Another way to look at the dilemma: Take advantage of our (baby boom) generations successes (no cold war, a still-great country, the Internet, ipods, etc...) and shrug: win some, lose some. Who knows what your kids--what are we up to now, generation triple X?--will inherit from you? Would you want them to break familial--or national--trust with you? A nation--or generations--without trust, is a nation without civility...or cohesion, or laws...or maybe without even the right to call itself a nation (a supposedly ongoing concept).

Win some; lose some. Birth is an inheritance and a legacy.

Monday, March 26, 2007

The Re-empowerment of Labor

In a recent article in the LA Times, "The Upside of Retiring Down Under", author Kelly Candaele was comparing the better retirement situation for workers in Australia as opposed to those in the US. In explaining the disparity, she said that, today, in America, "...organized labor...represents only 8% of the private sector workforce," implying that the US labor movement's decade long collapse--and the disintegration and undermining of its negotiated union pension plans--are in no small measure at the root of US aged's retirement dilemmas.

The US labor movement...unions...are now but a pale shadow of their former Twentieth Century self, both numerically (as a percentage of the working force) and in terms of their real social/economic power. Unions the that century were the primary income distribution vehicle in the whole America society. The US union movement could be credited in no small measure with the economic rise of the US Middle Class. Led by such labor leaders such as Samuel Gompers, John L. Lewis and Walter Reuther--and yes, even to Jimmy Hoffa--labor's tough negotiations in collective bargaining with its capital and business colleagues increased labor's share of the economic pie, and provided much of the impetus for higher wage raises, the establishment of pension funds and hospital/surgical insurance/benefits for workers.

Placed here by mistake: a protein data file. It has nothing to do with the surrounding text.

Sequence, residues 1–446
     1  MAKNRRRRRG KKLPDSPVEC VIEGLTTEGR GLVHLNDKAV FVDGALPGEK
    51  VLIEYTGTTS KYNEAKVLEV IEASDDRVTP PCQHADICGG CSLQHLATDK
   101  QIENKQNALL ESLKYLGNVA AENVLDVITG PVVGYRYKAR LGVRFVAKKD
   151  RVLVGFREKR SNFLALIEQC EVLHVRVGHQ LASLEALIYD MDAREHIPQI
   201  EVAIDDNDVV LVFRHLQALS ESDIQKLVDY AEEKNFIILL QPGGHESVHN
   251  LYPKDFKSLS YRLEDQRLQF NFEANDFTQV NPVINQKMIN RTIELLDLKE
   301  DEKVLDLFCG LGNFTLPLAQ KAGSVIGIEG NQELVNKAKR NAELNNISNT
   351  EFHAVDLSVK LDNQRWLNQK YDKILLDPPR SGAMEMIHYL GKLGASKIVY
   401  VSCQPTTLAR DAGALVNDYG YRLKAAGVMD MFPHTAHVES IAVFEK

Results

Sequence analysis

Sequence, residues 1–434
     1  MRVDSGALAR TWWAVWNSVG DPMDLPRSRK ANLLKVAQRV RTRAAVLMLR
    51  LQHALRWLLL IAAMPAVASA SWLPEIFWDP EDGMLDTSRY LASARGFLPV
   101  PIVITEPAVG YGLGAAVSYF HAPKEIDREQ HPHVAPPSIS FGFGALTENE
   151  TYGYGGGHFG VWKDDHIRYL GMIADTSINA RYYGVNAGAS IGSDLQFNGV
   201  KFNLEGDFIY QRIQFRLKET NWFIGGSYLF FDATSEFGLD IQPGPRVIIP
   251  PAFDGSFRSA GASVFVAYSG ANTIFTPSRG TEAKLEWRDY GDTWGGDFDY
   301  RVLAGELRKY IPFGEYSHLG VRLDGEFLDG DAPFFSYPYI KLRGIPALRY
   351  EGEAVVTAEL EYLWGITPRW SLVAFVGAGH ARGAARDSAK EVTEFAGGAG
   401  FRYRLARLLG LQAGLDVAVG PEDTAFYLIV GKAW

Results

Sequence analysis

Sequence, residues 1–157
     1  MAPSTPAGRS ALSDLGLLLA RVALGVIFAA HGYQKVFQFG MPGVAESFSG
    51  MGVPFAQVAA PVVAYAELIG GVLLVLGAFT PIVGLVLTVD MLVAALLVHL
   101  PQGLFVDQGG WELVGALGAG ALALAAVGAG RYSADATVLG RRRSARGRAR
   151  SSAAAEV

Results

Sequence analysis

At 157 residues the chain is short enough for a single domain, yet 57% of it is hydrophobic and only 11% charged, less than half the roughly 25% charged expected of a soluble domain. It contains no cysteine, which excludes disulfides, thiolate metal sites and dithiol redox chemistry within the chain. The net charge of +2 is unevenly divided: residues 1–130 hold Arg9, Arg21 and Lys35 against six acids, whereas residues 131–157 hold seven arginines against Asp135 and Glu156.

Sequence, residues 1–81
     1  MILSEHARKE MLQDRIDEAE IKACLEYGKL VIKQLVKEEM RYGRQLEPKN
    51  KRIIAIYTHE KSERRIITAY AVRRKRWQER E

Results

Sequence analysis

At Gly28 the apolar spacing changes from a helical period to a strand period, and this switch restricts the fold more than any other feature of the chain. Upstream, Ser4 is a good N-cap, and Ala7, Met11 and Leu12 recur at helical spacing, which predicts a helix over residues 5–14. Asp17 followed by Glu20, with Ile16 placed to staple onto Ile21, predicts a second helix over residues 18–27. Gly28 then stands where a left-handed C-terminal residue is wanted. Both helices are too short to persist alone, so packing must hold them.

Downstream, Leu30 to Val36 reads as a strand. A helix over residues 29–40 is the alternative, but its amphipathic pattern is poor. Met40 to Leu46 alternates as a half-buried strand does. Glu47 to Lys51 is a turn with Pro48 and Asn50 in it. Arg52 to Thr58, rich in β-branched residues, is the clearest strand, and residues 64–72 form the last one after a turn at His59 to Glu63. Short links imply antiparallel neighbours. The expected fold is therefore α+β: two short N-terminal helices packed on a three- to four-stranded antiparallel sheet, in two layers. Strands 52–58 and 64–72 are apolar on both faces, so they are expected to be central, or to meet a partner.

US union power and influence peaked in the 1960s.

In the 1970's and 1980's the overall America economic pie was shrinking relative to its position in the world. In the early 1980s President Ronald Reagan and fellow conservatives, bolstered by the Chicago school of monetarists and free enterprisers, went on the attack: they exercised his Republican controlled Congress's muscle to weaken labor law--the first blow was struck in staring down and defeating the air controller union (in the latter's desire to use the strike as a bargaining tool). Reagan spoke forcefully in justification of, and proselytized for, the productive class--owners and capitalists and entrepreneurs--to be freed from the economic/demands/shackles of labor; primarily what he saw as labor's unfair ability to strike and cripple industry. The electorate listened, and through their representatives in Congress, acted. Labor Law was weakened.

The productive class did not stop there. They bolstered their attack on labor 'excesses' with another argument: the need for even lower labor costs. In order for American business to compete in a global economy, against countries who were not burdened with the higher labor costs, US workers had to learn to compete 'on a level playing field' for jobs with foreign low-waged workers (i.e., take less pay for the same work) or American business would locate overseas where the labor was cheaper and all US jobs would disappear. It was the 'take-less-wages-or-lose-the-job' argument.

Workers took less. They no longer had strong labor law to argue their side...a consequence of which workers gradually saw their wages diminish relative to the past. This led to another consequence: why join a union and pay dues when they can't do anything for you. Hence: only 8% of today's private workforce is unionized!!!